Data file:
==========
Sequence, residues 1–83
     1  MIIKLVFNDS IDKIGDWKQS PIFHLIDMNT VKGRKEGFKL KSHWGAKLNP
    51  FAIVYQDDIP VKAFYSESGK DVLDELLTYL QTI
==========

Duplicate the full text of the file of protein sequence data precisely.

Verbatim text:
Sequence, residues 1–83
     1  MIIKLVFNDS IDKIGDWKQS PIFHLIDMNT VKGRKEGFKL KSHWGAKLNP
    51  FAIVYQDDIP VKAFYSESGK DVLDELLTYL QTI